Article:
a substance built from a large number of simple molecules of the same kind, 1855, probably from German Polymere (Berzelius, 1830), from Greek polymeres "having many parts," from polys "many" (from PIE root *pele- (1) "to fill") + meros "part" (from PIE root *(s)mer- (2) "to get a share of something").
"to frighten," Middle English, from Old English fyrhtan "to terrify, fill with fear," from the source of fright (n.). Old English had also forhtian "be afraid, become full of fear, tremble," but the primary sense of the verb in Middle English was "to make afraid."
early 13c., chargen, "to load, put a burden on or in; fill with something to be retained," from Old French chargier "to load, burden, weigh down," from Late Latin carricare "to load a wagon or cart," from Latin carrus "two-wheeled wagon" (see car).
The senses of "entrust," "command," and "accuse" all emerged in Middle English and were found in Old French. The sense of "rush in to attack, bear down upon" is from 1560s, perhaps through the earlier meaning "load a weapon" (1540s). The meaning "impose a burden of expense" is from mid-14c. That of "to fix or ask as a price" is from 1787; the meaning "hold liable for payment, enter a debt against" is by 1889. The meaning "fill with electricity" is from 1748. Related: Charged; charging.
1540s, a medical word for "excess of body fluid, overfullness of blood," from Late Latin plethora, from Greek plēthōrē "fullness," from plēthein "be full" (from PIE root *pele- (1) "to fill"). Figurative meaning "too-muchness, overfullness" in any respect is recorded by 1700. Related: Plethoric.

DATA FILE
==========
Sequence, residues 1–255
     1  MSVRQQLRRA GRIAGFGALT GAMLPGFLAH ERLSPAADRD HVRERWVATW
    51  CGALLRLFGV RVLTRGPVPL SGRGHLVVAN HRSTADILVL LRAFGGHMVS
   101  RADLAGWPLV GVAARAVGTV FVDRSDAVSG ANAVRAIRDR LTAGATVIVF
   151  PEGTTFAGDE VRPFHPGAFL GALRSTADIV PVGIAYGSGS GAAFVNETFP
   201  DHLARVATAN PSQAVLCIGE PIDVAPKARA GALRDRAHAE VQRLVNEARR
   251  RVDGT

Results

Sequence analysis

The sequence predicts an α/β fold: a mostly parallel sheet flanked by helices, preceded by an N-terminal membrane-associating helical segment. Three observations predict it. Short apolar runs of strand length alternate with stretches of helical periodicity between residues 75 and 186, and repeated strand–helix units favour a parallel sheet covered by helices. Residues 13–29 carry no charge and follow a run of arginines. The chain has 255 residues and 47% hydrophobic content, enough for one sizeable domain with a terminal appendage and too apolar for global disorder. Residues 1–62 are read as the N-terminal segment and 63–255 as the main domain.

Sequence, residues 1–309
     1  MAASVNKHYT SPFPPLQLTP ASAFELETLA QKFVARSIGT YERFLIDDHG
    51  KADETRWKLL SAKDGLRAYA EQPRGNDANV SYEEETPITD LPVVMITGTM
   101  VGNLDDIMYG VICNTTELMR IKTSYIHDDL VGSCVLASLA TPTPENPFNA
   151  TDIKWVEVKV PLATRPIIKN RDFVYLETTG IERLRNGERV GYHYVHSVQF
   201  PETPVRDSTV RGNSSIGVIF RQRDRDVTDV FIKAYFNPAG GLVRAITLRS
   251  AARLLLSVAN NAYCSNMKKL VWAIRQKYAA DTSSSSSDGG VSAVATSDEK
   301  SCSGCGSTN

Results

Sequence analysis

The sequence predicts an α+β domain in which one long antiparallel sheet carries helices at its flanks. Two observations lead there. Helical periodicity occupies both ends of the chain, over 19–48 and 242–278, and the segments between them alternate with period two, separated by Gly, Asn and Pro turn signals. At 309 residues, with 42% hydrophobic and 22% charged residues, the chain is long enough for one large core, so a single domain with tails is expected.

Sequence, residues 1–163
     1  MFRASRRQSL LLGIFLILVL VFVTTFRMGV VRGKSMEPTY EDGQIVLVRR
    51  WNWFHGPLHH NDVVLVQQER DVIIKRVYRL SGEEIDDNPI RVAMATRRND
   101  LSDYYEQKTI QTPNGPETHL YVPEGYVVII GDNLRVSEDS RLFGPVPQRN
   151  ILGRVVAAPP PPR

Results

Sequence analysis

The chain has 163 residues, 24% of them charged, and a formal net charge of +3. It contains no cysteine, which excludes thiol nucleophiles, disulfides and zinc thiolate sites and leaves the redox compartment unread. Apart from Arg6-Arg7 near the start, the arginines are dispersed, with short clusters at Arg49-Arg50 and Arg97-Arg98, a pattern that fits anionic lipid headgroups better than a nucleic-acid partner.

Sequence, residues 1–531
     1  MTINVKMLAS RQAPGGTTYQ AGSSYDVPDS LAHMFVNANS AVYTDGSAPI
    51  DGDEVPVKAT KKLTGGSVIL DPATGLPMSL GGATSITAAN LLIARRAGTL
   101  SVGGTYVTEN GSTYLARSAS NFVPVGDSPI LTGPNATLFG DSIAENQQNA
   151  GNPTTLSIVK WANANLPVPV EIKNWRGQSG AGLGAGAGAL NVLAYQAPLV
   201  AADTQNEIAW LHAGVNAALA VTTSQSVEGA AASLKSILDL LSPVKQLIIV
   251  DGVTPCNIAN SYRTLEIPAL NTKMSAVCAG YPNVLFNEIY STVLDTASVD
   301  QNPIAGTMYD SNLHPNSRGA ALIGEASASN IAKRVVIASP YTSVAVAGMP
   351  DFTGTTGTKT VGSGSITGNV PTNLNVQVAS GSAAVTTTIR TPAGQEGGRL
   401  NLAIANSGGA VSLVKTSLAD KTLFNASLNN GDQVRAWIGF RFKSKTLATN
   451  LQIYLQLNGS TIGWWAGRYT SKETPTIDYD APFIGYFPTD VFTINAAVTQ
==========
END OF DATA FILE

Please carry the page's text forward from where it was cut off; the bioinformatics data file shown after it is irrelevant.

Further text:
in geometry, "a plane figure with numerous angles," 1570s, from Late Latin polygonum, from Greek polygōnon, noun use of neuter of adjective polygōnos "many-angled," from polys "many" (from PIE root *pele- (1) "to fill") + -gōnos "angled," from gōnia "angle, corner" (from PIE root *genu- (1) "knee; angle"). Related: Polygonal.
"to drug or otherwise render a man unconscious and ship him as a sailor on a vessel wanting hands," 1854, American English, from the practice of kidnapping to fill the crews of ships making extended voyages, such as to the Chinese seaport of Shanghai. Transferred or general sense of "to constrain, compel" is by 1919.
supposedly a native name for the swastika (used as a decorative device), but only attested in a single, damaged c. 1500 manuscript, and in that it might rather refer to any sort of device used to fill the bottom (foot) of a design. "[I]t is even possible that it may have been a mere nonce-word" [OED].
Old English innung "a taking in, a putting in," gerundive of innian "get within, put or bring in; lodge; include; fill up, restore," from inn (adv.) "in" (see in). Meaning "a team's turn in action in a game" first recorded 1735, usually plural in cricket, singular in baseball.
"of or characteristic of the lower class or the common people," 1560s in a Roman historical sense, from Latin plebeius "belonging to the plebs," earlier plebes, "the populace, the common people" (as opposed to patricians, etc.), also "commonality; the mass, the multitude; the lower class" (from PIE *ple-, from root *pele- (1) "to fill"). In general (non-historical) use from 1580s.